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The Stranger: Top Ten Quotations

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  1. Also, it would have meant losing my Sunday – not to mention the fag of going to the bus, getting my ticket, and spending two hours on the journey each way. p. 4 In this reference, Meursault explains why he rarely visited his mother in the home in her last year alive. He fails to live up to the hypocritical expectations of others (here and throughout the narrative).
  2. Now, in the full glare of the morning sun, with everything shimmering in the heat-haze, there was something inhuman, discouraging, about this landscape. p. 10 This reference comes as the mourners set off for the funeral of Meursault’s mother. This is an apt example of how he is aware of and troubled by the conditions surrounding him.
  3. I told him I was quite prepared to go; but really I didn’t care much one way or the other. p. 24 At this point, Meursault has been asked by his employer if he would like to work for the company in Paris. His reaction typifies his apparent indifference and, again, the insignificance of events on his life. He goes on to tell his employer that one life is as good as another.
  4.  And each successive shot was another loud, fateful rap on the door of my undoing.p. 35 In this quotation, Meursault has just murdered a man after returning to the beach alone and as he states, this is his undoing. The earlier claim that it makes no difference whether he fires or not is made questionable.
  5. So I learned that even after a single day’s experience of the outside world a man could easily live a hundred year in prison. He’d have laid up enough memories never to be bored. p. 45 Meursault learns to place some sort of value on his existence, if only now that his life is to be cut short with the guillotine.
  6. Mother died today. Or, maybe, yesterday; I can’t be sure. p. 3 This now infamous first line of The Outsider epitomizes Meursault’s apparent lack of concern. As the quotation continues, it becomes clearer that he is uncertain of the date as the telegram makes the date unclear but it also typifies his seeming indifference to events around him. One may regard this as giving a sense of realism, honesty, and/or allowing us to see this as a sign of his moral turpitude.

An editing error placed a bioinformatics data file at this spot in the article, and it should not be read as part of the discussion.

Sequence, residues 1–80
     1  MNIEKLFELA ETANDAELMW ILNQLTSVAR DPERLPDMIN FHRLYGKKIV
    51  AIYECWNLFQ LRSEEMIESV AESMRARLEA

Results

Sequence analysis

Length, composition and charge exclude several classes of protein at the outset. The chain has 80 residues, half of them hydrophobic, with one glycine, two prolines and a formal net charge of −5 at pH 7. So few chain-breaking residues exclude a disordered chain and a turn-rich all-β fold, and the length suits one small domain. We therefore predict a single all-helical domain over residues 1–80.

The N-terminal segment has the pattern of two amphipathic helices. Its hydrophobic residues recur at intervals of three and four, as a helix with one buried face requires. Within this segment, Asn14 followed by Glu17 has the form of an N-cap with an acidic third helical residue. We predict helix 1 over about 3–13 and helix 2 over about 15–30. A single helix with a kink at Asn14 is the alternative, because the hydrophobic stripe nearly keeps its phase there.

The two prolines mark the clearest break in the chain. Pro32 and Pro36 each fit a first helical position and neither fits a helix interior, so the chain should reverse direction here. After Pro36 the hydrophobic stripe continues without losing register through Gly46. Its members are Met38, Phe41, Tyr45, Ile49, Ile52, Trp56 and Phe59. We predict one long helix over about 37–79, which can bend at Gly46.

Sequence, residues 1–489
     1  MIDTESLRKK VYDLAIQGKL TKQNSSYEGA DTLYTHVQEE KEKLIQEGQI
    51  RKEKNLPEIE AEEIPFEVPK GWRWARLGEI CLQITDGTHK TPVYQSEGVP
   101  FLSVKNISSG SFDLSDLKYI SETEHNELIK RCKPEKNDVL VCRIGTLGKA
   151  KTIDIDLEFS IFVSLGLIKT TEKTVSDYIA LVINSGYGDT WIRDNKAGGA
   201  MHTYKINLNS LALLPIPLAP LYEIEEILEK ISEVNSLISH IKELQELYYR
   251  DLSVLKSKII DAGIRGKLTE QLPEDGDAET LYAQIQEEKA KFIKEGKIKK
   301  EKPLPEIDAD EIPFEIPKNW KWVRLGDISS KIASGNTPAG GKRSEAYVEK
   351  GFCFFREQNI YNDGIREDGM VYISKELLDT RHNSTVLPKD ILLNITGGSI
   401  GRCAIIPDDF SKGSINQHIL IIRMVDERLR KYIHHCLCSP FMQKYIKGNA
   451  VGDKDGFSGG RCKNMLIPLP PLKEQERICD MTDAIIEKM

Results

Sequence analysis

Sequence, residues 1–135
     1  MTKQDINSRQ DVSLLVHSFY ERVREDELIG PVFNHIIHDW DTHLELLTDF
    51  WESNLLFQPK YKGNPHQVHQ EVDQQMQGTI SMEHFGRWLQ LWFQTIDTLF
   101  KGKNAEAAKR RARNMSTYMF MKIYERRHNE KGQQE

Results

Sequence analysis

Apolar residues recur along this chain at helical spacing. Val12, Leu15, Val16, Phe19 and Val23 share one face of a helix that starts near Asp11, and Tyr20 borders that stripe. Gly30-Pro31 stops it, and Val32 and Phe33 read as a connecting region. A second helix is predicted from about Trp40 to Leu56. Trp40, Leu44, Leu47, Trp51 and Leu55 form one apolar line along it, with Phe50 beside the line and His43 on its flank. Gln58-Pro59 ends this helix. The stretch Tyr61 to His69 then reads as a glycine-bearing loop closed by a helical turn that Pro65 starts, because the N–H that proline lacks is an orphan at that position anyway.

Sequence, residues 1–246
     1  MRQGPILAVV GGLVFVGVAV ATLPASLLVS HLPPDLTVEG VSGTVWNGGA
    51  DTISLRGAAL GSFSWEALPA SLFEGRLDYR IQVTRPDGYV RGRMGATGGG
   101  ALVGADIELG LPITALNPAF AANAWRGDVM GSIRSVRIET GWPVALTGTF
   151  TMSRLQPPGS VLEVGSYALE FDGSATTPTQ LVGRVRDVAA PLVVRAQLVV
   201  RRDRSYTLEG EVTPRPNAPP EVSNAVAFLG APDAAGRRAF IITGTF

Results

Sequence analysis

7. We could only watch each other, never lowering our eyes; the whole world seemed to have come to a standstill on this little strip of sand between the sunlight and the sea, the twofold silence of the reed and stream. And just then it crossed my mind that one might fire, or not fire – and it would all come to absolutely the same thing. p. 33 Once more, the insignificance of human action is emphasized as Meursault considers firing or not firing the gun to come to ‘absolutely the same thing’. At this point, Meursault and Raymond leave.
  8. For all to be accomplished, for me to feel less lonely, all that remained was to hope that on the day of my execution there should be a huge crowd of spectators and that they should greet me with howls of execration.p. 68 This final sentence demonstrates Meursault laying ‘his heart open to the benign indifference of the universe’. After venting his anger on the prison chaplain, he realizes he has been happy and is happy, and his death sentence will mean that he will not go unnoticed as he experiences living up to the last second.
  9. I even had an impression that the dead body in their midst meant nothing at all to them. But now I suspect that I was mistaken about this. p. 8 On hindsight, Meursault recognizes that his mother’s death and his behavior at the funeral were noted by those around him.

  10. It occurred to me that somehow I’d got through another Sunday, that Mother was now buried, and tomorrow I’d be going back to work as usual. Really, nothing in my life had changed.p. 15 This telling quotation reveals how the characterization of Meursault depends on an understanding of the absurd and of the insignificance of humans.


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